Foster Care Fact vs Fiction

No Bohns About It

Today we had our monthly home inspection with our foster agency. Normally this is no big deal. They check in with us once a month to make sure there are no big changes in our home or family, and that everything is still safe for the kids. (You know, the usual, “do you have food in the fridge?” and “where are your guns currently locked up?” and “can you show me your fire extinguisher?” … etc.) What was a little different about this home inspection was that it was the first one with our new foster agency office.

Why a new agency office?

Mr. Bean and I moved to our current residence almost two years ago. In doing so, we also changed counties. So we could have changed to our county’s office back then. (It makes sense, as it is more straightforward when your placements come from your county.) But given the status of Little Bean’s case at that moment, and where it was headed, there was really no need to make a quick move. (Sidenote: you can read more about our history with Little Bean here and here and here.) His caseworkers were already well established. Also, WE had really bonded with the staff at our original office, and were in no hurry to leave. (Shout out to those folks: you know who you are, and we love you!)

But a few months later, after we finalized his adoption, we took a year off of everything. (Or, I should say, a year that has now been 15 months long. 🙂 ) It was delightful! The respite from fostering, adopting, social workers, etc., has been a very nice (and much needed) breather. We have enjoyed the time off to settle in as a family of three. But … we have kept our certification current to give ourselves time to figure out what comes next.

So, the fact that we finally moved our certification and home study docs to the foster agency office in our new county is … well, … the next step in moving forward to reopen our home. But before any of us gets excited about that, I am mentally going through the reality check. Because this time around, we are not greenhorns. We are moving forward with experience (and scar tissue, as the case of Mancub and his reunification).

The good news is: we know what to expect!


A humorous meme, created by April Bean of, displays the perceptions and realities of foster parenting.

We started our journey (pre-kids) as Perfect Parents. With all the right ideas about how this was supposed to happen and opinions for every topic. (I’m still full of opinions, BTW.) And then reality hit: this is not a perfect situation. In fact, there is a lot of messy, emotional stuff going on. All. The Time. And also, foster kids don’t operate on the same timeline because of their background! So somewhere in the midst of the last three years, … thankfully, … the Perfect Parent mindset got shattered into oblivion. And what has emerged in its place is a more real, more approachable, more vulnerable mom … which is entirely fitting for these very vulnerable kiddos.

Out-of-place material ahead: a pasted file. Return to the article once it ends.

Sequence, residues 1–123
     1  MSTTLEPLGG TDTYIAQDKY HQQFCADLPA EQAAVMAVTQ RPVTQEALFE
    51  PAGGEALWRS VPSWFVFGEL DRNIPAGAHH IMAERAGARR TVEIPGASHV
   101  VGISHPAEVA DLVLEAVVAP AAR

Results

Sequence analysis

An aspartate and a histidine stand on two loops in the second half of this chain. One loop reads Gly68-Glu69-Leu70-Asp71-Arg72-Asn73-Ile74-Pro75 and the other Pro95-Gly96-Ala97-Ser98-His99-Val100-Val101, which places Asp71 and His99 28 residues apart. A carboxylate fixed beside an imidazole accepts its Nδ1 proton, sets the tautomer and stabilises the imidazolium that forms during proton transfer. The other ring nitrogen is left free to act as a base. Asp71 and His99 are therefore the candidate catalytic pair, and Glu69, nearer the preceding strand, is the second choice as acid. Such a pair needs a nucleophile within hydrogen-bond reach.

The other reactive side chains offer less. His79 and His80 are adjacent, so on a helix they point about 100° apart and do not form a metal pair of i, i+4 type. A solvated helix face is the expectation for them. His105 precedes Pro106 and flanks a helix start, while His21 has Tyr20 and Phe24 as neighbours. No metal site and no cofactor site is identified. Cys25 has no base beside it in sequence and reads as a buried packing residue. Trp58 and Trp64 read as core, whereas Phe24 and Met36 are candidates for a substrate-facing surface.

And the truth of the matter is, no matter how challenging and emotional the journey was with our first three kiddos, I do not regret it for one millisecond. Given the opportunity, I would do it all over again. But honestly, if I had it to do over again, I would want to get MORE training and be MORE selfless. I truly would. Because this way of life has a way of exposing my rough edges that are so desperately in need of smoothing.

At the same time, the thought of taking on everything that comes along with reopening our home … is a lot. Not gonna lie … its a bit overwhelming even. So that is weighing heavy. I just know more now. The good, the bad, and the ugly. I am not a stranger to it. And, like this meme shows, … it will involve a lot of coffee. And prayers. And sleepless nights. And tears. (And wine.) Hence, why the year has grown to 15 months and counting.

Scripture says:

“Is there anyone here who, planning to build a new house, doesn’t first sit down and figure the cost so you’ll know if you can complete it? If you only get the foundation laid and then run out of money, you’re going to look pretty foolish.” (Luke 14:28-30)

So we are moving forward. Gently. Cautiously. Together, this time as a family of three. To an unknown. We are hopeful for the next phase of our journey. And this time, instead of thinking about what Mr. Bean and I will face together, we are now asking questions like, “how would you feel about sharing your toys … and your mom and dad … with the kids who really need a family … maybe only for a little while?”

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